At Kronzek & Cronkright, we fight for people all over Michigan that have been accused of drug crimes in state and in federal court. Our team of trusted, confidential, and experienced attorneys can be on your side. We have fought for our drug charge clients all over Michigan in state and federal courts. Call us at 1-(866)-766-5245 to discuss your case.
Drug License Crimes
Just like the crime of “Obtaining a Controlled Substance by Fraud”, the Drug Licensee Crimes affect pharmaceutical companies, drug manufacturers, pharmacists, and physicians. These people are legally allowed to handle and distribute prescription drugs, however if they do so in an unauthorized manner, they can be charged with a crime.
There are various ways Drug Licensee crimes can be committed. In Michigan, it is illegal to manufacture a drug that you are not authorized by your license to manufacture. It is also illegal to prescribe or dispense a drug that your license does not authorize, even if you are prescribing or dispensing it to another licensed person. Keeping or maintaining a store, vehicle, or building where drugs are stored or sold in a manner that is unauthorized is against the law in Michigan This means that it is a crime to keep or maintain a pharmacy where you know the employees are handling drugs illegally.
Refusing entry to your facility for authorized inspection is illegal. This can be a drug manufacturing company or pharmacy that does not allow government inspectors into their building.
Pharmacists in Michigan cannot dispense prescriptions for controlled substances written by out-of-state physicians unless that out-of-state physician is licensed to practice medicine and to prescribe controlled substances in their own state.
People who break this law may only be required to pay a civil fine of $25,000, however it is possible that they may also be charged with one of these Drug Licensee crimes. These crimes are “high court misdemeanors,” which are crimes that are referred to as misdemeanors, yet are punishable by up to 2 years in prison and are handled procedurally just like a felony case. The defendant may also have to pay a fine of up to $25,000 if they have been charged with a Drug Licensee crime.
Pharmacists and physicians who have been charged with a drug crime face tough penalties, including losing their professional license. Society trusts doctors and are accused of conducting illegal activity involving controlled substances, Michigan prosecutors take that very seriously. At Kronzek & Cronkright, we represent all types of people who have been charged with drug crimes, ranging from illicit drug dealers to prescription medication addicts to pharmacists and physicians. Call us at 1-(866)-766-5245 to discuss your case.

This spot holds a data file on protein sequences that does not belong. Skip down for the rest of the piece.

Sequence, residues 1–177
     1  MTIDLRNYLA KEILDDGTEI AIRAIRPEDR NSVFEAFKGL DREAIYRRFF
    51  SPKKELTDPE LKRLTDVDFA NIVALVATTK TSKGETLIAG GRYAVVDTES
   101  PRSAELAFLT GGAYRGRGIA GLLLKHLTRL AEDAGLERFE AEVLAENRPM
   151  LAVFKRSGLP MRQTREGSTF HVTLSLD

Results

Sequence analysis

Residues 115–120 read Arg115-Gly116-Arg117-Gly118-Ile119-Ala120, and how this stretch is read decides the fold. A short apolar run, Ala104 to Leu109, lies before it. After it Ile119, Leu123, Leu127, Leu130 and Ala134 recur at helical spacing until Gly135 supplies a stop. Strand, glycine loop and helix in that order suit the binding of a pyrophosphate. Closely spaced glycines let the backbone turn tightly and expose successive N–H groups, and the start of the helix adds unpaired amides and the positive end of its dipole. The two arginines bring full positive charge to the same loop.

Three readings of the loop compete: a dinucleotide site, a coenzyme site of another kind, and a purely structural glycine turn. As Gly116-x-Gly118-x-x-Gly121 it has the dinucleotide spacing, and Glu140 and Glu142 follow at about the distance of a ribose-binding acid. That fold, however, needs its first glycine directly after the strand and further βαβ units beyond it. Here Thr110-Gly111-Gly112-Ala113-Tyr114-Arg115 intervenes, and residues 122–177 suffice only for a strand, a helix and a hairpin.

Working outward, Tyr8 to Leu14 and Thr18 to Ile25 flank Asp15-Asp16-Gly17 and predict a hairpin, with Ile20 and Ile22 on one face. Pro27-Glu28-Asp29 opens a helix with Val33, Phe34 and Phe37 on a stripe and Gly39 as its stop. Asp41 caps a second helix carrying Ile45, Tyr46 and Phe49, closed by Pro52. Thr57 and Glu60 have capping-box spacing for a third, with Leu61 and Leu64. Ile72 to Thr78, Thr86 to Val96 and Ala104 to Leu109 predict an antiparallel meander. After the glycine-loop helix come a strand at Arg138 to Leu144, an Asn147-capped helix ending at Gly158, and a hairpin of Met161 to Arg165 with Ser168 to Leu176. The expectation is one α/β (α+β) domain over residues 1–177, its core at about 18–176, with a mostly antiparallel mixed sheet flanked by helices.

Imitation Controlled Substance Crimes
An “imitation controlled substance” is a substance that is not a controlled substance or a prescription drug, yet because of its appearance or representations made, a reasonable person would believe it is a controlled substance. When it comes to appearance, perhaps the “imitation controlled substance” or its label is the same shape, color, markings, or size of a certain controlled substance. When it comes to representations made, perhaps the defendant: (1) stated that this substance is, or is similar to, a controlled substance; (2) stated that selling the substance would be profitable; or (3) stated that the substance can be re-distributed to others as a controlled substance.
In Michigan, it is illegal to manufacture, distribute, or possess with intent to distribute an “imitation controlled substance.” Doing so is a felony in Michigan and the convicted defendant could go to prison for up to 2 years or a fine of up to $10,000, or both. It is also illegal under Michigan law to use or possess with intent to use an “imitation controlled substance.” The first time a person is caught using or possessing with intent to use an “imitation controlled substance,” they may have to pay a civil fine of up to $100, plus court costs. However, the second, third, or subsequent time they are caught using or possessing with intent to use an “imitation controlled substance,” that is a misdemeanor and they could go to jail for up to 90 days or pay a fine of up to $100, or both. It is illegal in Michigan to advertise the sale of an “imtation controlled substance” in any media. Doing so is a misdemeanor and conviction could result in jail for up to 1 year or pay a fine of up to $5,000, or both.